A day after an international tribunal ruled out China's 'historical' claims of sovereignty over the South China Sea and areas around it, President Xi Jinping said China's "territorial sovereignty and marine rights" in the seas will not be affected by the verdict, reported BBC.
The office of Vice-Foreign Minister Liu Zhenmin also refuted the verdict and said China has the right to set up an air defence zone in that region if the security of the country is threatened. Such a zone makes it mandatory for all aircraft passing through it to follow certain rules.
China also issued a white paper asserting its claims over the South China Sea and accused Philippines, which had filed the petition, of occupying Chinese territory. The 13,900-word document states that Philippines had “distorted facts, misinterpreted laws and concocted a pack of lies” in order to undermine Chinese interests, reported The Guardian.
On Tuesday, the Permanent Court of Arbitration in The Hague accused China of breaching Philippines' sovereign rights by exploring resources near Reed Bank. The matter was brought to the notice of the arbitration tribunal under the United Nations Convention on the Law of the Sea by Philippines in 2013. The country had contested the legality of Chinese activity in the South China Sea region and alleged that Chinese claims of sovereignty were against international laws.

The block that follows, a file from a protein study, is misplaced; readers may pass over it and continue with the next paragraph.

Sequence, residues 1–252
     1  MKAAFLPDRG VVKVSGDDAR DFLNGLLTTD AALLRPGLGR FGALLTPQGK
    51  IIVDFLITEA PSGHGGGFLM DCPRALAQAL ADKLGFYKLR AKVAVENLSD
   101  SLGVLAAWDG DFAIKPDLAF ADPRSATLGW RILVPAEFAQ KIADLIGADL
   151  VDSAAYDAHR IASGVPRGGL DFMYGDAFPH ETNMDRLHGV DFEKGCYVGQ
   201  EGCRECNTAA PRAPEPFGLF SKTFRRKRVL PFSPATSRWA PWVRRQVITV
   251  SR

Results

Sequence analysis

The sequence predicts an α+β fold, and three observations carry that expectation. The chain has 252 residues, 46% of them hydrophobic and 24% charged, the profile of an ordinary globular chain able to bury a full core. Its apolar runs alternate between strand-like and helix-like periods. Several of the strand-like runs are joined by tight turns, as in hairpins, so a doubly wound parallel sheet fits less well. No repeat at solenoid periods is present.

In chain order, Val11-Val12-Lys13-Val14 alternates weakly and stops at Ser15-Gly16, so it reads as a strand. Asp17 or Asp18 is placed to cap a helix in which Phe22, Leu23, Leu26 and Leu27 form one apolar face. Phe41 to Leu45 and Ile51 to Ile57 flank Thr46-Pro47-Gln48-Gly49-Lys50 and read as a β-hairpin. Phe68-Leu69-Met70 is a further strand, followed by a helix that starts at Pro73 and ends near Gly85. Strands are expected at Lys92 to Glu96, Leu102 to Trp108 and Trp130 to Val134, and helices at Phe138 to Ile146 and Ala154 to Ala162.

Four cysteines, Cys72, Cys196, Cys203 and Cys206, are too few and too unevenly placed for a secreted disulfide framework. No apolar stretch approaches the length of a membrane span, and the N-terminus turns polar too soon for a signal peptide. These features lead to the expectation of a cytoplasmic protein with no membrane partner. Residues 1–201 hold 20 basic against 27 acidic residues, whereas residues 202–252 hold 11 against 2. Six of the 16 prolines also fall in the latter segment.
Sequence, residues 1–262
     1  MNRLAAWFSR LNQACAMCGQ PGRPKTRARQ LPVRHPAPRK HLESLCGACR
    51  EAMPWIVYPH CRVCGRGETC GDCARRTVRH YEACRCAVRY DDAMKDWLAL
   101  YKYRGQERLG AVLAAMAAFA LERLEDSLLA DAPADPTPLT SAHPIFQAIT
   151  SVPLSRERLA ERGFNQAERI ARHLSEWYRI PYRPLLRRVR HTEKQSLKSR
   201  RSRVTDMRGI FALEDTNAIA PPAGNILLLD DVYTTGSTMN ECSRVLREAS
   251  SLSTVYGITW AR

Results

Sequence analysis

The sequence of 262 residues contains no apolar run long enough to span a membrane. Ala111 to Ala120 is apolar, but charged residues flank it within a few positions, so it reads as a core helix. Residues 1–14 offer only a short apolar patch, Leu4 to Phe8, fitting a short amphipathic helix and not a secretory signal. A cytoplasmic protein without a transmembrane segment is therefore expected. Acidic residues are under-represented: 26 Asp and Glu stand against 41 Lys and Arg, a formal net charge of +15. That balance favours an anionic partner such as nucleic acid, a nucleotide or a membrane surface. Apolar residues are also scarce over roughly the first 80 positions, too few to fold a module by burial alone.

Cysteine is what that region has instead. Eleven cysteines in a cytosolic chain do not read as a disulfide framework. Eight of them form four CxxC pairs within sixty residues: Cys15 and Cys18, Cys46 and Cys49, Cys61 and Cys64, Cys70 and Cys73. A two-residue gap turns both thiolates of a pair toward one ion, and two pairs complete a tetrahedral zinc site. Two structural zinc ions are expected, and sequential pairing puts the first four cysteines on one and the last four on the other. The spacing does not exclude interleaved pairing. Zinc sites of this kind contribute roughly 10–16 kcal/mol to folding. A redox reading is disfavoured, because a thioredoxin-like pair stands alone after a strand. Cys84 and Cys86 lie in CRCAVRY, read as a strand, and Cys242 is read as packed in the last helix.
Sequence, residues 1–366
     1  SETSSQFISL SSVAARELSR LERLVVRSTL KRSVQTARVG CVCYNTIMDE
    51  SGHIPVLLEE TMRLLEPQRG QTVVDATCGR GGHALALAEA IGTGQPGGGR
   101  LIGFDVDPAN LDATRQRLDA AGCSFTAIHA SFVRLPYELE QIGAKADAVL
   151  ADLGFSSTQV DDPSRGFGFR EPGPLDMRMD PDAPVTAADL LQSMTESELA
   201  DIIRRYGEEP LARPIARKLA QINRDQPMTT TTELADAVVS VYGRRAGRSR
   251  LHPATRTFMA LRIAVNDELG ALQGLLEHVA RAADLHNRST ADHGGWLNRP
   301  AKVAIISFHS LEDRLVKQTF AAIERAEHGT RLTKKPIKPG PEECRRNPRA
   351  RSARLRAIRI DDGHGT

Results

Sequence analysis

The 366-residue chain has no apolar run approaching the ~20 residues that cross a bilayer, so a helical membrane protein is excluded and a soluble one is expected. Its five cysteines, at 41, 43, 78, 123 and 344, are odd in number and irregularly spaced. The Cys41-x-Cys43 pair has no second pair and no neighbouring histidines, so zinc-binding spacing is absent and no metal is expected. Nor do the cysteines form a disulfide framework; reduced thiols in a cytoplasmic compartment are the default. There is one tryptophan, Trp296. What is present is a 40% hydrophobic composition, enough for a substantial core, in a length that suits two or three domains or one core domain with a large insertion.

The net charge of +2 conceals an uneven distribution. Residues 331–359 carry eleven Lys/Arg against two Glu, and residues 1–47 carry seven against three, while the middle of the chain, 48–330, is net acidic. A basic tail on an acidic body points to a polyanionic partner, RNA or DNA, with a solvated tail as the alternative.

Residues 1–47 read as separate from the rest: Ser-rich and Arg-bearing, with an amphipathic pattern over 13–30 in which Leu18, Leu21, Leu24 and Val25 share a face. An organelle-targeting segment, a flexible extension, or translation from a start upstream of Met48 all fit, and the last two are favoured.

Several rival countries – China, Philippines, Vietnam, Taiwan, Malaysia and Brunei – have been fighting over this resource-rich territory for years. China has claimed nearly 90% of the territory that is defined by the nine-dash line and also issued a map to back its claims.
The matter became a global issue after the United States had sent military ships and planes near the disputed islands to ensure access to key shipping and air routes. Both China and the US have accused each other of militarising the South China Sea.